Hillary Clinton addresses her staff and supporters after her election loss; New York, Nov. 9, 2016. Reuters

Hillary Clinton, who lost the Electoral College to President-elect Donald Trump in November, extended her popular vote lead over her former challenger Tuesday to a tally that is far larger than any other election in history where the candidate who lost the election won in the popular vote.

As of Tuesday morning, Clinton leads Trump 65,467,571 to 62,813,613, according to voter data from the Cook Political Report — a margin of 2,653,958 votes. That lead represents nearly a 2.1 percent edge in the popular vote as a whole.

In 13 swing states that played an oversized role in electing the next president, however, Trump has maintained a healthy lead. Trump leads Clinton in those states 22,238,917 to 21,418,687, an 820,230 vote advantage. The lead in those swing states may overstate how many voters played a crucial role in electing the next president, as the Washington Post argued last week, since the deciding swing states — Michigan, Pennsylvania and Wisconsin — were decided by an accumulative 79,646 votes.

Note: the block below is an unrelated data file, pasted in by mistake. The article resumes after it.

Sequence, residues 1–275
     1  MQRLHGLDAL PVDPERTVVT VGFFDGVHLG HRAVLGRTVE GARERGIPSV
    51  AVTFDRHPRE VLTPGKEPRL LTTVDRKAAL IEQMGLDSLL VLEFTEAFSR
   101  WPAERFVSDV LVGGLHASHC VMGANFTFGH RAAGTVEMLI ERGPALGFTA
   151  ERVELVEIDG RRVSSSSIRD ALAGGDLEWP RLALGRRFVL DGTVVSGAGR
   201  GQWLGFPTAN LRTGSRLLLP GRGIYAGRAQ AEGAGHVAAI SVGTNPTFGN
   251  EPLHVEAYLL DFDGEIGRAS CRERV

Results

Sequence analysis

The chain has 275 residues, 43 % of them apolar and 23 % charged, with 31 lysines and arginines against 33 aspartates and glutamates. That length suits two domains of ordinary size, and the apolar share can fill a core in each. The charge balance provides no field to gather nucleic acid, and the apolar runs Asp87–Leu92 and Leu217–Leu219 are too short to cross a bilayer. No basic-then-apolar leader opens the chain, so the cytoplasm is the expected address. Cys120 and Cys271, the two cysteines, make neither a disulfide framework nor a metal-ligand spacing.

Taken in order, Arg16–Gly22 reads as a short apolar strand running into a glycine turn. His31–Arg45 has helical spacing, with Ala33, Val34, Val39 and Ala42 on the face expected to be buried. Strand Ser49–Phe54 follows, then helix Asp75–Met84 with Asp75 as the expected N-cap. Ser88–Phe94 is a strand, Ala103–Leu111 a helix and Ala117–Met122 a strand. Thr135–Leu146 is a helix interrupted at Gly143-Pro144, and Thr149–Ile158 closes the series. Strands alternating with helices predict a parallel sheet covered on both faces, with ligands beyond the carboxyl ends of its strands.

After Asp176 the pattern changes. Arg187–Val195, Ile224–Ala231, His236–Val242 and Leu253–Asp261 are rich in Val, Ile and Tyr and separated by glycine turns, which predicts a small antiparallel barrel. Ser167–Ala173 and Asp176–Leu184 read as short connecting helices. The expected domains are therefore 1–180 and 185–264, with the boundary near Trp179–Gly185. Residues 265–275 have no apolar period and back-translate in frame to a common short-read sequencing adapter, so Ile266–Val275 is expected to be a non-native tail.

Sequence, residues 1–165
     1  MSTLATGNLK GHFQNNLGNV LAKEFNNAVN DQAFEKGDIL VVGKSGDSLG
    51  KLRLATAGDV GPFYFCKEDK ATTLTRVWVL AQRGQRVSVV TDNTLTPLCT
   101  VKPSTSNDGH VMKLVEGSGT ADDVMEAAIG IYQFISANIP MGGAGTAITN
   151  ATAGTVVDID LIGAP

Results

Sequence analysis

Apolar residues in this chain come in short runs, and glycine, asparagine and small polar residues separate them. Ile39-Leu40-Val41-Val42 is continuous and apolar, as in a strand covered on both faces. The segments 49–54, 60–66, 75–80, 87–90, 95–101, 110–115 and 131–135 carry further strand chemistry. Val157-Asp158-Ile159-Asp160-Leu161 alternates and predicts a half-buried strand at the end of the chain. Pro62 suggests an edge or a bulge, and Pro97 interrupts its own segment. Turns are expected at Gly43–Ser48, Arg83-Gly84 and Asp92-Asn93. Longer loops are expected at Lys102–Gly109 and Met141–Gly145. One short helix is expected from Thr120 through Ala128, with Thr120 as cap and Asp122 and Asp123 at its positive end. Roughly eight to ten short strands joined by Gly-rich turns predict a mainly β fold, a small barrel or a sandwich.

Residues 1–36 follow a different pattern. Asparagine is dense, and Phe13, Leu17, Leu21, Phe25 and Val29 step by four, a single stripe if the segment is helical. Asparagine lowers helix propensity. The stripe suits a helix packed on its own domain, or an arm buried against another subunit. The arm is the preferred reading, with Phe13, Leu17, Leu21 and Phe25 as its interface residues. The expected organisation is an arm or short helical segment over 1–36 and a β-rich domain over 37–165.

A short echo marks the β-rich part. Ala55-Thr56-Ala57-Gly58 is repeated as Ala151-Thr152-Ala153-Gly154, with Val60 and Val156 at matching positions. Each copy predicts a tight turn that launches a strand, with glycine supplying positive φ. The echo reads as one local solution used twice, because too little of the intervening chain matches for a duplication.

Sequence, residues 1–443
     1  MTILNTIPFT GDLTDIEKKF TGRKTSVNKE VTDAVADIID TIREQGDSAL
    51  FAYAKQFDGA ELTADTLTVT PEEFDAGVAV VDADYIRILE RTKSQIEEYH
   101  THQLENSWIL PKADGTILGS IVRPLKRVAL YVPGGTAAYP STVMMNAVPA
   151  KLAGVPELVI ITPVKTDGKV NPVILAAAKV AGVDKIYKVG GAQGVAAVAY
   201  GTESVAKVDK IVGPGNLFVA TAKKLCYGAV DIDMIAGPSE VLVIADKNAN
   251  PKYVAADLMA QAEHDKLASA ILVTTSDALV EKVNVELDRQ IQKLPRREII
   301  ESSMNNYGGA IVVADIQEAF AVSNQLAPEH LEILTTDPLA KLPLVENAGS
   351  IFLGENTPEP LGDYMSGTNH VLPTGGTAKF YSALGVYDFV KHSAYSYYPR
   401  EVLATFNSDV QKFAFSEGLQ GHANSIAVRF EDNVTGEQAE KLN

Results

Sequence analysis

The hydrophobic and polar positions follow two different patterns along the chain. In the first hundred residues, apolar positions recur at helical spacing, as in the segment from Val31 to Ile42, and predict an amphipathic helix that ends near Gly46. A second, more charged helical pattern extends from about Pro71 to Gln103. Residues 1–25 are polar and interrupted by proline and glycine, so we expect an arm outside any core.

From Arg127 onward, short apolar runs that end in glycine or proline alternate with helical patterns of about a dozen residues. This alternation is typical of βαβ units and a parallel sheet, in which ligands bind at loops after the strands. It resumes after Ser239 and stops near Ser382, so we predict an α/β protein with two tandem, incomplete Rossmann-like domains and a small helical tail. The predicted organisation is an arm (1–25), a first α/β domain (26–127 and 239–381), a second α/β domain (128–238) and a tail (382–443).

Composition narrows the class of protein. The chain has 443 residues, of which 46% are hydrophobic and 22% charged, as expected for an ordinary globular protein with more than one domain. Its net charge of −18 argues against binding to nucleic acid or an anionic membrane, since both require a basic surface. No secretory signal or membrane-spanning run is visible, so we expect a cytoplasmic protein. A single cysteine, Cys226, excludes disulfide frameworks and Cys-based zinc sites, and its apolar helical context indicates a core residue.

The close nature of the race in those states has led to recount efforts. The most prominent recount efforts are being led by Green Party nominee Jill Stein, who launched fundraisers to challenge the results in Michigan, Pennsylvania and Wisconsin. Stein held a campaign rally outside of Trump Tower in Manhattan Monday to send a message to the president-elect that the recount efforts will not be bullied.

Wisconsin’s recount began Thursday but there was little changed in the results as of Monday morning. In Michigan, 83 counties began recounting ballots Monday and six more counties were expected to start Tuesday. The Green Party filed a federal lawsuit in Pennsylvania on Monday to push for a statewide recount after dropping a state-level case that would have been argued Monday in court.

A recount effort in Nevada, where Clinton beat Trump, has been launched by a presidential candidate who received a fraction of 1 percent of the state’s vote. That effort has been described as a counter-balance effort to Stein’s recount efforts.